Crypto Scammer Steals $3.2 Million through Honeypot Scheme

CertiK has exposed a persistent deployer of honeypots who collaborates with paid actors to promote scam tokens through Telegram channels.

Honeypot with Bitcoins
One of the most active deployers of honeypots, detected by CertiK, managed to create nearly 1,000 malicious contracts in just two months.

In its January report on honeypot scams, cybersecurity team CertiK revealed the activities of this particular scammer, responsible for deploying at least 979 honeypot contracts within a mere two-month period. Additionally, at the start of 2023, CertiK reported an address associated with the deployment of nearly 200 honeypot tokens in just four months.

Recently, CertiK has investigated ongoing instances of honeypot scams facilitated through Telegram channels. The on-chain security firm has identified at least five Telegram channels promoted by paid actors who assist the perpetrator in directing potential victims to invest in malicious projects.

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"Honeypot contracts with certain shared characteristics have been pivotal in these schemes, leading to approximately $3.2 million in losses," CertiK reported on February 8, unveiling the success of the honeypot schemes.

What is a honeypot scam?

As the name suggests, a honeypot is a scheme used to lure individuals into certain activities. A honeypot scam, in the context of the cryptocurrency space, is a malicious tactic targeting investors who are attracted by fraudulent projects promising fake earning opportunities. Enticed by the potential for profit, cryptocurrency users interact with such projects, which then trap the transacted funds.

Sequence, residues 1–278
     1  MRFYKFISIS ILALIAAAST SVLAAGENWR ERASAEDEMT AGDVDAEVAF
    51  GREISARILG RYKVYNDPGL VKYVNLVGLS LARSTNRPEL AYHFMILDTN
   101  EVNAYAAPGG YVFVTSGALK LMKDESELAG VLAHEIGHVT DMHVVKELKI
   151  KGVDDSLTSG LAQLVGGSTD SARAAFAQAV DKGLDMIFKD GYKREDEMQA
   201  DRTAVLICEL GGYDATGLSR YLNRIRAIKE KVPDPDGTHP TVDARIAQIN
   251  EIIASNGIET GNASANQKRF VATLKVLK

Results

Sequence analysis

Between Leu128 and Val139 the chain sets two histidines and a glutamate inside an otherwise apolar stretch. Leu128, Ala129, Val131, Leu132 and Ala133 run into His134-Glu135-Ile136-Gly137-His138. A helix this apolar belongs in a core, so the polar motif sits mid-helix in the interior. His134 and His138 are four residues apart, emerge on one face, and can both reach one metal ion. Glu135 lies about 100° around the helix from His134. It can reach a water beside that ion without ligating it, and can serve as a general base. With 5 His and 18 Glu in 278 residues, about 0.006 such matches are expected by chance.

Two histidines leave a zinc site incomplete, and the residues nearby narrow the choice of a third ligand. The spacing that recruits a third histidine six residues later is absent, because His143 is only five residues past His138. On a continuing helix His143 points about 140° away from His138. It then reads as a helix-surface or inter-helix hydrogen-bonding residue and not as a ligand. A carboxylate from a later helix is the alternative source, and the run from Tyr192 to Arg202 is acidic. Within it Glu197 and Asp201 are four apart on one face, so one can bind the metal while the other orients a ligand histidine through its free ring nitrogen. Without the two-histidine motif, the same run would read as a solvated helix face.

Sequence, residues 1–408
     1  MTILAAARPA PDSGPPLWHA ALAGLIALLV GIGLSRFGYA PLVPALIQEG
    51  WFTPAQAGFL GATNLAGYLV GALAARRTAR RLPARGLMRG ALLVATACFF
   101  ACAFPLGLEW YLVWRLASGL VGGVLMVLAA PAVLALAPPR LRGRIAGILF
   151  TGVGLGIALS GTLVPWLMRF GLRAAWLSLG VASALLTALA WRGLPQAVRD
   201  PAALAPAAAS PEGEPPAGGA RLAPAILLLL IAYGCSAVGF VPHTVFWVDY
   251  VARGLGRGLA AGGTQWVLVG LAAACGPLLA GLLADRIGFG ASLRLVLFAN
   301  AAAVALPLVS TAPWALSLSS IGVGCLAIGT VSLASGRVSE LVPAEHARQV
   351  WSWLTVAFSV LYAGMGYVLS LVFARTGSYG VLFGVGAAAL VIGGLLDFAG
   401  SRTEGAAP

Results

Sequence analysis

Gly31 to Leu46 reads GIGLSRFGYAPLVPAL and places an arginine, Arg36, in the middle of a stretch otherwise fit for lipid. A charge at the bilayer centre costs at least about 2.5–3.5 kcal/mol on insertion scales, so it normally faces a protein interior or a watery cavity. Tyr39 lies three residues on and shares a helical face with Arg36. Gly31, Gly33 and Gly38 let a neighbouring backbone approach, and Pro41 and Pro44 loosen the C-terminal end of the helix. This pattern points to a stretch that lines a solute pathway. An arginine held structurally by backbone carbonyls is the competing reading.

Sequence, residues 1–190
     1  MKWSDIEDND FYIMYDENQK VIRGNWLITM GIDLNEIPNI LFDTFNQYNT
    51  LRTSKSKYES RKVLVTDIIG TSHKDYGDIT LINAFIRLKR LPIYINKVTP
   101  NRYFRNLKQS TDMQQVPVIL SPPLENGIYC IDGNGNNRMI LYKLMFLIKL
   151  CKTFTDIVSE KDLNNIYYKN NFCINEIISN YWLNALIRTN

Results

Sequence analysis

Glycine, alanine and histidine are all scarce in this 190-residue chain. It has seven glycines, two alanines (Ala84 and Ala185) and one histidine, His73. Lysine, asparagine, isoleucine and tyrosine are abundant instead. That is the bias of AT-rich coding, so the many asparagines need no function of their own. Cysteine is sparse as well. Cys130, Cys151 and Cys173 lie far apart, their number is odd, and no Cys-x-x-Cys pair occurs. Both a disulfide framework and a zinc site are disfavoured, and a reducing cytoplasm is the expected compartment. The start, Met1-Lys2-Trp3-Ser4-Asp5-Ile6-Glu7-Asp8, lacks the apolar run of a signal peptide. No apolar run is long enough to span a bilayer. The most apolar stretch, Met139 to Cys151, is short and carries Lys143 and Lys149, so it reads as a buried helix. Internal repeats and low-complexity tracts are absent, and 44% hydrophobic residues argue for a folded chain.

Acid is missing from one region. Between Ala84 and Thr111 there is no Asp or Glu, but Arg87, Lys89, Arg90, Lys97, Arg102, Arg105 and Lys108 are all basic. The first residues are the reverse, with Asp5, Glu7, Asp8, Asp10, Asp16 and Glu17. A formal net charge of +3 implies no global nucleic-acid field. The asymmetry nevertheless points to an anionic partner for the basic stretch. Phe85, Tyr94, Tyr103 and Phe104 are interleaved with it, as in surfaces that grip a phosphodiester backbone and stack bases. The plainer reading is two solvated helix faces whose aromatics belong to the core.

Typically, scammers utilizing the honeypot scheme put effort into creating the illusion of profitability for their projects. Many of these schemes involve cryptocurrencies, with their prices often artificially inflated through various means, including false marketing claims, volume manipulation, or fabricated trading activity.

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However, this is only one of the possible scenarios. A honeypot deployer can also promise other types of rewards or just pretend to provide crypto users with useful services.